Graduate student Duk-Ho Jung and faculty member Grant Goodall are giving a presentation “There is no wh-movement in sprouting” (Main Session 6) at the 51st annual meeting of the North East Linguistic Society (NELS 51) on Sunday November 8th, 2020.
Three UCSD phonologists are co-authors on two poster presentations at AMP 2020 this weekend (Sept. 18-20), to be held virtually:
- Eric Baković & Anna Mai, “Comparing positional licensing patterns in HG and OT” (poster session 1, Friday 9/18)
- Nina Hagen Kaldhol & Björn Köhnlein, “North Germanic tonal accent is equipollent and metrical: Evidence from compounding” (poster session 3, Sunday 9/20)
Ph.D. students Matthew Carter, Nina Hagen Kaldhol and Matt Zaslansky gave talks at the 53rd Annual Meeting of the Societas Linguistica Europaea. The conference was supposed to take place in Bucharest, but was moved online. The organizers did a great job in making a virtual program, including a welcome session with musical performances from all over Europe!
Matthew Carter. “What Licenses Polyfunctionality?: The Case of /b3/ in Ket”. https://osf.io/qhb5u/
Nina Hagen Kaldhol and Sverre Stausland Johnsen. “Grammaticalization in Somali and the shaping of prosodic types”. https://osf.io/945wh/
Matthew Zaslansky. “Persistence and variation in Turkic deponent verbs”. https://osf.io/9g745/
Faculty member Eva Wittenberg, PI of the Language Comprehension Lab, just received both an IBM University Award and a UCSD Innovation Grant for Inclusive Research Excellence, to better understand how the COVID-19 pandemic influences language comprehension throughout society, in an exciting ongoing project with colleagues Rachel Ostrand, Dan Kleinman, and Adam Morgan. Dr. Wittenberg was also awarded a Yankelovich Center Book Manuscript/Grant Proposal Improvement Grant.
Our Language Comprehension Lab has four presentations this week, one at the First South Asian Forum on the Acquisition and Processing of Language (SAFAL), and three at AMLaP:
- How does case marking constrain event representations?
Talk at SAFAL-1 by Eva Wittenberg, Mohit Gurumukhani and Ashwini Vaidya
- Non-Linguistic Context Affects Processing of Ambiguous Speech
Poster #313 by Daniel Kleinman, Rachel Ostrand, Adam Morgan, Mohit Gurumukhani, and Eva Wittenberg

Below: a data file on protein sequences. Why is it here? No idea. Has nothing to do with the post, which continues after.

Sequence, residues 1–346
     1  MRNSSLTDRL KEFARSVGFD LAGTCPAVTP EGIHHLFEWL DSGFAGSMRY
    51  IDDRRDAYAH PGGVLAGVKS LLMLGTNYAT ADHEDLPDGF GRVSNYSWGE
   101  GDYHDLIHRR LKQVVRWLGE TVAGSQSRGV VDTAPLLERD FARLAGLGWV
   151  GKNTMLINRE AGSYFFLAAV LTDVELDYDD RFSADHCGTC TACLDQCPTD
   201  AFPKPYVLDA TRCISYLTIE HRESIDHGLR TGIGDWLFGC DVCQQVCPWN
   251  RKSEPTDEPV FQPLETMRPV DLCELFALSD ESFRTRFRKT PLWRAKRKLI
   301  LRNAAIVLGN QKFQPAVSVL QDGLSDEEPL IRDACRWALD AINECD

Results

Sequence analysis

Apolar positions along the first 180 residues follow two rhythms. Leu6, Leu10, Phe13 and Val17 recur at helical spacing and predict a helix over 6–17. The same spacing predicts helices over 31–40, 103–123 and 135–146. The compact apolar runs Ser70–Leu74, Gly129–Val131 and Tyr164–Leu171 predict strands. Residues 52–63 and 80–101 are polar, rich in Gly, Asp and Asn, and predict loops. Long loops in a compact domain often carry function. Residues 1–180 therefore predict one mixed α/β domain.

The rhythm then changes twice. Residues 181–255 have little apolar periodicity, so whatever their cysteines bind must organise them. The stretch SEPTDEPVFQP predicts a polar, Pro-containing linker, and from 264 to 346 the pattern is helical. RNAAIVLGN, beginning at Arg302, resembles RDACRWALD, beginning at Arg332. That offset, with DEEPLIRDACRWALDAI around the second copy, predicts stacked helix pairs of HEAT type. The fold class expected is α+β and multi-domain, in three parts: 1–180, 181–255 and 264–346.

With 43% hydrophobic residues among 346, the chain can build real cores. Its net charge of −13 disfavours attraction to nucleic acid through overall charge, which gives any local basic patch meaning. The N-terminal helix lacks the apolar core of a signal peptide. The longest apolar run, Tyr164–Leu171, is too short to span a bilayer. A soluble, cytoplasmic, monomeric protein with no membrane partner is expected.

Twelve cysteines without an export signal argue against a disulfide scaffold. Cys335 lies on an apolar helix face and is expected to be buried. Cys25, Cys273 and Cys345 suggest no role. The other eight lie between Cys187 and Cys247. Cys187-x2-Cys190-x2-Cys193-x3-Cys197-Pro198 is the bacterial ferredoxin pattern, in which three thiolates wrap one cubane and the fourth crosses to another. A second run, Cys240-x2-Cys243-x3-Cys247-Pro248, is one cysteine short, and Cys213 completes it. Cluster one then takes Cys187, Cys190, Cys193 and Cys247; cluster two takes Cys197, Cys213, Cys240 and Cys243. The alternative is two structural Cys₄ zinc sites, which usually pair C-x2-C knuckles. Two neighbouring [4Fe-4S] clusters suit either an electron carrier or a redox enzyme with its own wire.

- Multiple Meanings of Doubling Up: Mandarin Verbal Reduplication
Poster #152 by Catherine Arnett and Eva Wittenberg
- Form-specific preferences of proforms and demonstratives referring to events
Poster #213 by Joshua Wampler and Eva Wittenberg
Adam G. McCollum (2019 PhD), faculty member Eric Bakovic, graduate student Anna Mai, and Eric Meinhardt (2020 PhD) have just published a new paper in the journal Phonology, “Unbounded circumambient patterns in segmental phonology.” The authors present an empirical challenge to a recent assertion that only tonal spreading patterns can be unbounded circumambient, meaning that the determination of a phonological value may depend on information that is an unbounded distance away on both sides. They focus on a demonstration that the ATR harmony pattern found in Tutrugbu is unbounded circumambient, and they also cite several other segmental spreading processes with the same general character. They discuss implications for the complexity of phonology and for the relationship between the explanation of typology and the evaluation of phonological theories.
Faculty member Ivano Caponigro is giving a talk on “Headless relative clauses and the syntax-semantics mapping: Evidence from Mesoamerica” at Semantics of Under-represented Languages in the Americas (SULA) 11 on August 4-7 and, together with Dr. Peter Arkadiev, a talk on “Conveying content questions without wh-words: Evidence from Abaza” at Sinn und Bedeutung (SuB) 25 on September 3-9.